Biography & Memoir Jumbo by John Sutherland | Book Review Roundup | The Omnivore

Published on February 19th, 2014


Jumbo: the Unauthorised Biography of a Victorian Sensation by John Sutherland

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Blurb: The first comprehensive ‘biography’ of one of the first celebrity animals who gave us one of our favourite words.

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Jumbo, Victorian England’s favourite elephant, was born in 1861 in French Sudan, imported to a Parisian zoo and later sold on to London, where – for seventeen years – he dutifully gave children rides and ate buns from their hands, all the while being tortured at night to keep him docile. Worldwide fame came when he was bought by the American showman and scam artist P.T. Barnum in 1881, despite letters from 100,000 British schoolchildren who wrote to Queen Victoria begging her to prevent the sale. Barnum went on to transform Jumbo into a lucrative circus act and one of the most loved animals of all time, establishing elephants as a regular feature of funhouses and menageries the world over.
Using the heartwrenching story of Jumbo’s celebrity life, tragic death in Canada in 1885, and his enduring cultural legacy, Jumbo is personal and fascinating reflection on our cultural elephantiasis by one of our most distinguished literary-critical detectives, which is guaranteed to amuse, stimulate, provoke and delight in equal measure.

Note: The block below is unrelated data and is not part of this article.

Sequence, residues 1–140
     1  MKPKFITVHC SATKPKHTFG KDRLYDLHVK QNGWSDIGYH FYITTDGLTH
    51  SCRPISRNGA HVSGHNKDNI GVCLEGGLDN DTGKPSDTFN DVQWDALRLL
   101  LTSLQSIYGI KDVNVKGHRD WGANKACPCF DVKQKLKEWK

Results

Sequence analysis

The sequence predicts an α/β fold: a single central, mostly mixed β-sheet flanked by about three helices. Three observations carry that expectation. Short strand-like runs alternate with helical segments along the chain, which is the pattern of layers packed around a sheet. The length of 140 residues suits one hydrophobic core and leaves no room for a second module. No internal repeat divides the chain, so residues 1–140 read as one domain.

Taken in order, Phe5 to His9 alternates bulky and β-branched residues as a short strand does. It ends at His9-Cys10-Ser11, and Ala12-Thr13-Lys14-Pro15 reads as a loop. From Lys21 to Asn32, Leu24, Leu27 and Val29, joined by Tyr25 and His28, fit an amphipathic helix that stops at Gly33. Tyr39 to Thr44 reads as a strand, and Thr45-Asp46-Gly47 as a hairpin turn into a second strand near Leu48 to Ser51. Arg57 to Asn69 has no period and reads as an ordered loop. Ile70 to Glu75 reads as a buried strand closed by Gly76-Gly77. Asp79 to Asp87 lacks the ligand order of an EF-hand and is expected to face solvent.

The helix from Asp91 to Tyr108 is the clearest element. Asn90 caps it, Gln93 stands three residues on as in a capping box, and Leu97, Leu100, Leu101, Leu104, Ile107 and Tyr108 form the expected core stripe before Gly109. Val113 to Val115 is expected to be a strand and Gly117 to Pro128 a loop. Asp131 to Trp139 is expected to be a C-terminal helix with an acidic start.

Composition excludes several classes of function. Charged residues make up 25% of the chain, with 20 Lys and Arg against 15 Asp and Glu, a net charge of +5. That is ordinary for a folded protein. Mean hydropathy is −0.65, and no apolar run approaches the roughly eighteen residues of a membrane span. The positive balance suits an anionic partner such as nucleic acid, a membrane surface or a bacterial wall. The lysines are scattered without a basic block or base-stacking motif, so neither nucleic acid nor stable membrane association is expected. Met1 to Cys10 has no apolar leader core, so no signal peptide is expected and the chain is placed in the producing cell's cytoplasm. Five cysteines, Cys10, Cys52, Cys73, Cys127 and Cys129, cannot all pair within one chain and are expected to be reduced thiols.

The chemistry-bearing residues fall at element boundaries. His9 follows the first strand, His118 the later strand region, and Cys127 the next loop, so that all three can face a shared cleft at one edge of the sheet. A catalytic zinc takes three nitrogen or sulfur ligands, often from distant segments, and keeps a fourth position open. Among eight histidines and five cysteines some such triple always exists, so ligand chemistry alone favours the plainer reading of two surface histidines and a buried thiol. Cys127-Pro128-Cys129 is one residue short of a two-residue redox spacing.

(Aurum Press, 2014)

Helen Rumbelow, The Times 

“Unauthorised biography is right: Sutherland reveals the truth about Jumbo, and the darkness of our own underbelly too. I thrilled to read about Jumbo’s semi-erotic relationship with Matthew Scott, his keeper who entered into what addicts would call a co-dependent love affair… this book is so wonderful, so charming, I promise it will allow everyone to find the little Jumbo inside themselves.”

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Robert Douglas-Fairhurst, The Telegraph 

“Everyone knows the story of Dumbo, the cute baby elephant with large ears and an even larger heart, but few remember that his official name (Jumbo Jr) recalls one of the biggest stars of the 19th century. Fewer still realise that Jumbo the elephant’s story lies behind many features of modern life we take for granted, from “jumbo shrimp” to “jumbo jets”. In fact, as John Sutherland points out in his hugely entertaining survey of Jumbo’s sad life and strange legacy, Victorian “Jumbomania” also reveals our own peculiarly mixed feelings about a species we alternately coo over for its intelligence and butcher for its ivory. Jumbo, it turns out, represents an elephant in the room we still prefer to ignore. ”

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William Leith, The Spectator 

“This isn’t just a book about killing elephants; it’s a book about being horrible to elephants in more general ways. It’s very good. It’s one of those books that shows you the world through the lens of a small part of it. Sutherland’s tone throughout is one of dry wit; the track where Jumbo died, he points out, was known as ‘the grand trunk’. Sutherland makes Jumbo his main character, and shows us that by looking at this elephant’s life, and the lives of other captive elephants, you can learn a lot about people too.”

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Nicholas Clee, The Observer